This information from Lexicomp® explains what you need to know about this medication, including what it’s used for, how to take it, its side effects, and when to call your healthcare provider.
AminoProtect; Aminosyn II; Aminosyn-PF; Aminosyn-PF 7%; Clinimix E/Dextrose (2.75/5); Clinimix E/Dextrose (4.25/10); Clinimix E/Dextrose (4.25/5); Clinimix E/Dextrose (5/15); Clinimix E/Dextrose (5/20); Clinimix E/Dextrose (8/10); Clinimix E/Dextrose (8/14); Clinimix/Dextrose (4.25/10); Clinimix/Dextrose (4.25/5); Clinimix/Dextrose (5/15); Clinimix/Dextrose (5/20); Clinimix/Dextrose (6/5); Clinimix/Dextrose (8/10); Clinimix/Dextrose (8/14); Clinisol SF; FreAmine HBC; FreAmine III; Plenamine; Premasol; Prosol; Travasol; TrophAmine
Aminosyn 10% [DSC]; Aminosyn II 10%; Aminosyn II 15%; Clinimix E/Dextrose (5/10); Clinimix E/Dextrose (5/16.6); Clinimix E/Dextrose (5/20); Clinimix E/Dextrose (8/10); Clinimix E/Dextrose (8/14); Clinimix/Dextrose (5/10); Clinimix/Dextrose (5/16.6); Clinimix/Dextrose (5/20); Clinimix/Dextrose (5/5); Hepatamine; NephrAmine [DSC]; Primene; Prosol 20%; Travasol
- It is used to give nutrition to the body.
- If your child is allergic to this drug; any part of this drug; or any other drugs, foods, or substances. Tell the doctor about the allergy and what signs your child had.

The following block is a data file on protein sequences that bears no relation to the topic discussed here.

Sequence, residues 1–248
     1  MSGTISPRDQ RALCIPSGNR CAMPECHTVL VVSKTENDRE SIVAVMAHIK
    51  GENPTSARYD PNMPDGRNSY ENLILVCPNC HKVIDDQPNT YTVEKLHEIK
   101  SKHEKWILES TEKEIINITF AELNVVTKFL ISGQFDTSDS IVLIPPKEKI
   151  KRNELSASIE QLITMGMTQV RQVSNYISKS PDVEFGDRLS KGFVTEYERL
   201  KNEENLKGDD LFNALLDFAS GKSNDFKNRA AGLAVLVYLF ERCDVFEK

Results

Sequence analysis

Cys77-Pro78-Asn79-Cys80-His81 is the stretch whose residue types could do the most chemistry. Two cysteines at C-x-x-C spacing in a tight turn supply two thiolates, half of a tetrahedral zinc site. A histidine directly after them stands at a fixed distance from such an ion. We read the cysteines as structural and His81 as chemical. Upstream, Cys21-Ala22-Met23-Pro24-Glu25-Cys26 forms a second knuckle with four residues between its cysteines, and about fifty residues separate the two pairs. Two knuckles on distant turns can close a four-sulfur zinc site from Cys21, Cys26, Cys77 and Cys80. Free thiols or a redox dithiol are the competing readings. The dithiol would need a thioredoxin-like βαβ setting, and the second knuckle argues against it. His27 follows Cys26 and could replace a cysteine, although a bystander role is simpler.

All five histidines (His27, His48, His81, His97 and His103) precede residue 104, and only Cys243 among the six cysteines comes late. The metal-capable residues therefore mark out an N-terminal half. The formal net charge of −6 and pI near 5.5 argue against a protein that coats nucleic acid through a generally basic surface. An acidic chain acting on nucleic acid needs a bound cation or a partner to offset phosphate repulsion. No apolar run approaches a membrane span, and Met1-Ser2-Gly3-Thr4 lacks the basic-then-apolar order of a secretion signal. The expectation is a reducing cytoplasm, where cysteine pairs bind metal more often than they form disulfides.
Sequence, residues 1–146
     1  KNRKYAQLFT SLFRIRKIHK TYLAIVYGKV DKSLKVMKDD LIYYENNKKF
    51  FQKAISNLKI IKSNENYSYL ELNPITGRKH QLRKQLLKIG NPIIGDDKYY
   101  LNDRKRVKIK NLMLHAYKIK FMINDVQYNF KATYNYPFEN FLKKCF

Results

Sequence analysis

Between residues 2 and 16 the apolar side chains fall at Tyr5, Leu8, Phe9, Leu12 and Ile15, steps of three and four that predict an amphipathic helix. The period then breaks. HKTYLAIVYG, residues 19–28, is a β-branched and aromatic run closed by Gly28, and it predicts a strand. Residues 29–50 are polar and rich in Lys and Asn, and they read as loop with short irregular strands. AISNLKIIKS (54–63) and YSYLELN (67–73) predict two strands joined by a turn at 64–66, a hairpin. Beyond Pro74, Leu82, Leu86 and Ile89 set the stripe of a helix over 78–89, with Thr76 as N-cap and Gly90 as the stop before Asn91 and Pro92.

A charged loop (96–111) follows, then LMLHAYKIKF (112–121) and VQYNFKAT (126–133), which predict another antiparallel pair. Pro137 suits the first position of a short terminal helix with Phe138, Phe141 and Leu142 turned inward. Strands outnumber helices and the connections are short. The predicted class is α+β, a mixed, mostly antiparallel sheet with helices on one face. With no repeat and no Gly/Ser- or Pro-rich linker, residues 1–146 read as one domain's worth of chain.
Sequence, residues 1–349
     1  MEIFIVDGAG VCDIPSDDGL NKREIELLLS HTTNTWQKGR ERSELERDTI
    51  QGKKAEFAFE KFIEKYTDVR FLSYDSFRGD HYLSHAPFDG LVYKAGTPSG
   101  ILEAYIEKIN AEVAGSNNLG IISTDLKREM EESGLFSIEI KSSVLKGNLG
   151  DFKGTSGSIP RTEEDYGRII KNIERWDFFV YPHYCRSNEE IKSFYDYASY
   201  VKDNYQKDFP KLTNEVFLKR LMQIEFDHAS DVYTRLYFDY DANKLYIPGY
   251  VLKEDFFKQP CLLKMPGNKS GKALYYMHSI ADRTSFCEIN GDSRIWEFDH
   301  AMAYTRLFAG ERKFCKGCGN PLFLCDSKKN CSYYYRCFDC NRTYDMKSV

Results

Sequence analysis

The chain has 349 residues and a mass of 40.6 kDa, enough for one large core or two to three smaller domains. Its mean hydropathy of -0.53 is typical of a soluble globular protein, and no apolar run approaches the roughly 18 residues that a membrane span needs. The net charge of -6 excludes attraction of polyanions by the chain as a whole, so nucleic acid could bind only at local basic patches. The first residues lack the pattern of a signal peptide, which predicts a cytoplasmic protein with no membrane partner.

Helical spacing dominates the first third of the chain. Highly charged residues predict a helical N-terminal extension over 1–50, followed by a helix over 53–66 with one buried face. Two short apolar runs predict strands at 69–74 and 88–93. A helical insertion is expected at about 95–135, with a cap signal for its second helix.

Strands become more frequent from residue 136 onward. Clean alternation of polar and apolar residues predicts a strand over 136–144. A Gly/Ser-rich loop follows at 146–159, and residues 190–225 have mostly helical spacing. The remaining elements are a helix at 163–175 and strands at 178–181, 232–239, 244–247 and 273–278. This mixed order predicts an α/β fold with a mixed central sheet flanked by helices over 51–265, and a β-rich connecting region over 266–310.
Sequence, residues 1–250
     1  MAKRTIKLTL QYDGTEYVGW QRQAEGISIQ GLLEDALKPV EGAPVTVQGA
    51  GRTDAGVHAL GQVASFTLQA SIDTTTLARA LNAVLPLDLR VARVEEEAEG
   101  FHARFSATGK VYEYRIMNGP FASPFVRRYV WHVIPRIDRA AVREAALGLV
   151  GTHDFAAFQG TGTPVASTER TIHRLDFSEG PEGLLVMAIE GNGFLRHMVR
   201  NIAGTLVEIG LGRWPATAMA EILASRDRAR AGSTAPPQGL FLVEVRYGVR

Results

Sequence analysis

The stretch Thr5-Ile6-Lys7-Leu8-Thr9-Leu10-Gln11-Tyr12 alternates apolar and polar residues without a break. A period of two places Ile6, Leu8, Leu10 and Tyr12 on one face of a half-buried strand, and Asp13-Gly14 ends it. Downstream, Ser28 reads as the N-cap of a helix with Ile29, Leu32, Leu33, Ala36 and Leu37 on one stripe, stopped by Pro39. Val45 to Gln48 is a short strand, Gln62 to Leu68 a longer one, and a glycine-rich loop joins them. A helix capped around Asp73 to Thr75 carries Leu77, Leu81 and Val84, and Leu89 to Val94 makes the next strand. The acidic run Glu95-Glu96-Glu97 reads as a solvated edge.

- If your child has any of these health problems: High blood ammonia levels, low blood volume, certain amino acid metabolism problems, blood acid or electrolyte problems, or too much fluid in the lungs.
- If your child has any of these health problems: Kidney disease or liver disease.
- If your child has trouble passing urine.
This is not a list of all drugs or health problems that interact with this drug.
Tell the doctor and pharmacist about all of your child’s drugs (prescription or OTC, natural products, vitamins) and health problems. You must check to make sure that it is safe to give this drug with all of your child’s other drugs and health problems. Do not start, stop, or change the dose of any drug your child takes without checking with the doctor.
- Tell all of your child’s health care providers that your child is taking this drug. This includes your child’s doctors, nurses, pharmacists, and dentists.
- Have blood work checked as you have been told by the doctor. Talk with the doctor.
- If your child is allergic to sulfites, talk with your child’s doctor. Some products have sulfites in them.